ARAPAHOE COUNTY, Colo. - The Aurora theater shooter may be ordered to pay back nearly $1 million in restitution.
District Attorney George Brauchler has provided the judge a final dollar amount of money paid out-of-pocket by victims and money paid by a victim's compensation fund.
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According to documents submitted to the court on Tuesday, victims have paid at least $103,385.95 out-of-pocket. The Crime Victim Compensation Fund has paid out $851,493 in support of victim needs.
Prosecutors are seeking a judgment for the shooter to repay at least $954,878.95.
"It's important that we, as a community, hold defendants accountable," said prosecutor Lisa Teesch-Maguire. "For a crime of this magnitude, frankly us, seeking just less than a million dollars in restitution, is really not an exorbitant amount of restitution."
Prosecutors submitted a spreadsheet to Judge Carlos Samour detailing the amounts victims are seeking reimbursement. The names are blacked out in the version posted online, but not the amounts and reasons.
One victim is seeking $2,000 for a prosthetic leg replacement. The Crime Victim Compensation Fund allowed for $20,000 per victim, but did not cover all of this victim's needs.
"$20,000 doesn't cover one day of most of these people's medical bills," said Teesch-Maguire. "The fund pays for funeral expenses, medical expenses, mental health treatment, lost wages due to inability to work due to an injury or the loss of a loved one."
Teesch-Maguire has spoken with 1,251 different victims in this case. One of them is seeking $4,200 for having to pay six months of rent after his roommate was one of the 12 killed in the theater.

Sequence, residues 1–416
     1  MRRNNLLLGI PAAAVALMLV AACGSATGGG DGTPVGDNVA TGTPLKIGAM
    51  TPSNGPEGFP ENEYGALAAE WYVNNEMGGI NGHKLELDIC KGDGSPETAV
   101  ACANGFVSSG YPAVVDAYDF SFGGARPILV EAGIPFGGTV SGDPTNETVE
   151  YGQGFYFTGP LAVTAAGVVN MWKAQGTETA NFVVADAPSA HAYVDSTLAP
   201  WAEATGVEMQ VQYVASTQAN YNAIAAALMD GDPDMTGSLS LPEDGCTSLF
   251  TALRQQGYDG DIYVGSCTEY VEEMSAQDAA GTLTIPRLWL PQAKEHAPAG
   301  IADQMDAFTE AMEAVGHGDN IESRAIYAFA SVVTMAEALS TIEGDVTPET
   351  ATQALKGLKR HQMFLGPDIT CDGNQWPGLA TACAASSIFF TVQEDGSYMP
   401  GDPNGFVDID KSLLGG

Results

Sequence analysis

Another murdered victim's family is seeking $5,500 for travel expenses to come to Colorado to attend the trial. A federal grant only provided two weeks worth of coverage to attend the trial.
"It paid for airfare, for hotel for them, rental car expenses and a $20 a day per diem," said Teesch-Maguire.
"There is no amount of money that can bring you back to the life that you once had," said Sandy Phillips, mom to killed victim Jessica Ghawi.
Phillips' claim is included in the spreadsheet, but does not yet have a dollar amount associated with what she'll seek from the shooter.
"I'm going to need to see a therapist and why should that come out of my income?" asked Phillips.
Judge Samour still has to approve the final restitution judgment.
"For those that say, 'Well, I thought we were finished with this, we were through with this,' this is a lifelong tragedy," said Phillips.
Prison inmates pay restitution out of their inmate account. A Colorado Department of Corrections spokeswoman confirmed with Denver7 that if the account has more than $2,000, 100 percent of any new money will go to restitution. If the account has less than $2,000, any money earned or deposited into the account will be divided with 80 percent going to the inmate account and 20 percent going to restitution.
The Crime Victim Compensation Fund is a state account that receives money through fees paid by defendants. At the time of the shooting, victims could only seek up to $20,000 from that fund for reimbursements related to the shooting. That cap has since been increased to $30,000.
According to Teesch-Maguire, about two percent of all restitution is ever paid back. In this case, that would be about $19,000.